Mortality rates at each age were calculated by dividing the aggregated death counts by aggregated population counts. For the CLPs, these were converted into log mortality rates using base 10, meaning that the values indicate the ‘number of zeroes’ in the mortality risk (ie, −3.0 means 1-in-1000, −2.0 means 1-in-100 and so on). What the CLPs show are differences in these log mortality rates between populations of the same age, sex and in the same year between the two populations being compared. This means that the mortality rate ratio for any value (v) on the surface can be calculated as 10v. So, for example, a value of 0.01 implies around a 2% increased risk (100.01=1.023 to 3 decimal places), a value of 0.05 around a 12% increased risk (100.05=1.122 to 3 decimal places), a value of 0.10 around a 26% increased risk and a value of 0.20 around a 60% increased risk. Lifetables for single or multiple country populations were calculated using the denominators in the Exposure_1×1.txt files within the HMD, and probabilities of death within 1 year age intervals calculated using equation 60 of the HMD methods guide, and using the recommended adjustments for mortality risk exposure in the first year of life.11 ,12 Unadjusted estimates using values in the HMD Population.txt files as denominators were also calculated and available as an appendix. From these lifetables, cumulative probabilities of death by particular ages were calculated, and from this estimates of ‘excess deaths’ produced. One year by 1 year Lexis squares were used for both cohort-based and period-based estimates; for the cohort-based estimates, this was analogous to rearranging checkerboard squares so that diagonal lines become vertical, a simple illustration of which is provided in the web appendix. All analyses were performed using the R programming environment (Team RC. R: A language and environment for statistical computing. 2014).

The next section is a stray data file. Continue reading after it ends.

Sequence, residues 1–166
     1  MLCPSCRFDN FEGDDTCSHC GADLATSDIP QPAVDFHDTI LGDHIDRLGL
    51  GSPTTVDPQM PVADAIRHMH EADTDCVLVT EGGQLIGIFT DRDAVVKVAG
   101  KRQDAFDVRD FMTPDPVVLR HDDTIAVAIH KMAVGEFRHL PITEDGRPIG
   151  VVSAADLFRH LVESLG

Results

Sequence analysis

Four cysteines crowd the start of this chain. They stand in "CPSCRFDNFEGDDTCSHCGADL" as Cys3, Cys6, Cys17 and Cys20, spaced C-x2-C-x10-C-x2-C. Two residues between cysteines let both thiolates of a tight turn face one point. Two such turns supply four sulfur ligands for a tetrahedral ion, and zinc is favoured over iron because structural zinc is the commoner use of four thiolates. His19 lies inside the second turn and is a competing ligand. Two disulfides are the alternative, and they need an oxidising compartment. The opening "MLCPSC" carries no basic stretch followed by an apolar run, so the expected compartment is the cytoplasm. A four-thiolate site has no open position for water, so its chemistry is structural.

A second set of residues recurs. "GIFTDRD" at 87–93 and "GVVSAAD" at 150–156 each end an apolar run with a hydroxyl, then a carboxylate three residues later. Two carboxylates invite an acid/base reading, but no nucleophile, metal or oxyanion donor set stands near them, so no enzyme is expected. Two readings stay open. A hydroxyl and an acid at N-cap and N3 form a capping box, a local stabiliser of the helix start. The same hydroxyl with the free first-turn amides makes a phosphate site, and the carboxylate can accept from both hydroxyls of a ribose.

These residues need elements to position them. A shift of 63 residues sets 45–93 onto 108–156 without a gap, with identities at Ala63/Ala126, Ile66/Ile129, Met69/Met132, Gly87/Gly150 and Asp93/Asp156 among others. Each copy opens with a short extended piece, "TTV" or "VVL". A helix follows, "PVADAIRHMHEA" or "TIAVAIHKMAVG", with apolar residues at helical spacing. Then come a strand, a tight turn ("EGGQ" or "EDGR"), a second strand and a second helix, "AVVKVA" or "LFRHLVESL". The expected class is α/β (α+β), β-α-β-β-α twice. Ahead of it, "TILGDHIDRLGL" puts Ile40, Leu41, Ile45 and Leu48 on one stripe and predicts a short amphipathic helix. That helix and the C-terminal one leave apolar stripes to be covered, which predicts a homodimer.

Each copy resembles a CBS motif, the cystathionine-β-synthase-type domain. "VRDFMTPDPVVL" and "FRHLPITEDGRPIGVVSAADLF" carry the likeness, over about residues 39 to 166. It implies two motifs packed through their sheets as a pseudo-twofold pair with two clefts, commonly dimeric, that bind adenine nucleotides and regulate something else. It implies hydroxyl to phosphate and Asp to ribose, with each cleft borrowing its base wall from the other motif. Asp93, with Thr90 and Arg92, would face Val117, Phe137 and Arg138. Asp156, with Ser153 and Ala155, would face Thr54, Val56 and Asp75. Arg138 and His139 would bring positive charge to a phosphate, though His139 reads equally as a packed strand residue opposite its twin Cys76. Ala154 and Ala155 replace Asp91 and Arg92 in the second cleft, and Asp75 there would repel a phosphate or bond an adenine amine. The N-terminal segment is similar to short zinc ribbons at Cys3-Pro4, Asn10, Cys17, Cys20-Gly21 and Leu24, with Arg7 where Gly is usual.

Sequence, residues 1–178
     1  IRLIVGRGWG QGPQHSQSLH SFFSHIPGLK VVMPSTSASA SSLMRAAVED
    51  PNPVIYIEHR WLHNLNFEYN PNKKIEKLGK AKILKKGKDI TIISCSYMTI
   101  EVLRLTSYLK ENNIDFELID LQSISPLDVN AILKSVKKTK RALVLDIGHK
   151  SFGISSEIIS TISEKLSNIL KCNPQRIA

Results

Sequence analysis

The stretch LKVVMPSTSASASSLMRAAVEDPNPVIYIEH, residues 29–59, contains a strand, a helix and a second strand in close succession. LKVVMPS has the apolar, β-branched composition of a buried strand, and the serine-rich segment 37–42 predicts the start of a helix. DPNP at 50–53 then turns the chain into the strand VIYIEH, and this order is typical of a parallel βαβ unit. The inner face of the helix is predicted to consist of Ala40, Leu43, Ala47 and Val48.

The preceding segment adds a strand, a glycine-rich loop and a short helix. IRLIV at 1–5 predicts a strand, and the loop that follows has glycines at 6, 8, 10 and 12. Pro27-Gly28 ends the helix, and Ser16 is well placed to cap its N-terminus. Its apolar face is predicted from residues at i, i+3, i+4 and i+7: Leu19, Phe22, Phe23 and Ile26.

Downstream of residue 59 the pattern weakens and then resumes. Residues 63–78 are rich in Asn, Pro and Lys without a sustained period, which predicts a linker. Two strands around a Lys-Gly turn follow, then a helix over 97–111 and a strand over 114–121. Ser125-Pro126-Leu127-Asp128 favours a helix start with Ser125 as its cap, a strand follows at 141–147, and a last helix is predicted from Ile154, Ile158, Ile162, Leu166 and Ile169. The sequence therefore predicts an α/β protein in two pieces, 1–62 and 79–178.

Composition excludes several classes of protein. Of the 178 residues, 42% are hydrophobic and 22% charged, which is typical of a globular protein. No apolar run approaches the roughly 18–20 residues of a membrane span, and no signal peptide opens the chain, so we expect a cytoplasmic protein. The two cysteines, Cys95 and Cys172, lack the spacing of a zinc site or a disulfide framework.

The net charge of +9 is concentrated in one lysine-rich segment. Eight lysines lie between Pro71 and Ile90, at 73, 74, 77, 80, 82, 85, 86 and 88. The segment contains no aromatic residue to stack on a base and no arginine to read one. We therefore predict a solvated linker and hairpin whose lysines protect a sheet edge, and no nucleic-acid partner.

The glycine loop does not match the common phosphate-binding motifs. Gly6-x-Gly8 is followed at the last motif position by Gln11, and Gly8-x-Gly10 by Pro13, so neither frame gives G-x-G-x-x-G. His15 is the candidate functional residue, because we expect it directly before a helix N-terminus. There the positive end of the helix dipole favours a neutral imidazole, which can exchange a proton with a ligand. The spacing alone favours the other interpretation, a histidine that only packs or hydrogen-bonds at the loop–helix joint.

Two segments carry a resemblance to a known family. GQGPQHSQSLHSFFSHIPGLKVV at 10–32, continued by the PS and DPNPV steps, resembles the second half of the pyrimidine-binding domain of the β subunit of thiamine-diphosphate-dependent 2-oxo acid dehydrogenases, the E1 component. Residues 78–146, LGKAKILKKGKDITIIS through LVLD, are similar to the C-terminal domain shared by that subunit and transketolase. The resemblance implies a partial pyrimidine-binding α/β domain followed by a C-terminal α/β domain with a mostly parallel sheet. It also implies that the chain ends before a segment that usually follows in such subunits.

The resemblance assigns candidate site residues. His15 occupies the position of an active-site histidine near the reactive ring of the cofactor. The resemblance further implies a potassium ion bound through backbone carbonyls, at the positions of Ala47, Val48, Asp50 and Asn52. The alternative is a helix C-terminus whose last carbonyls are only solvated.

CLPs and Lexis surfaces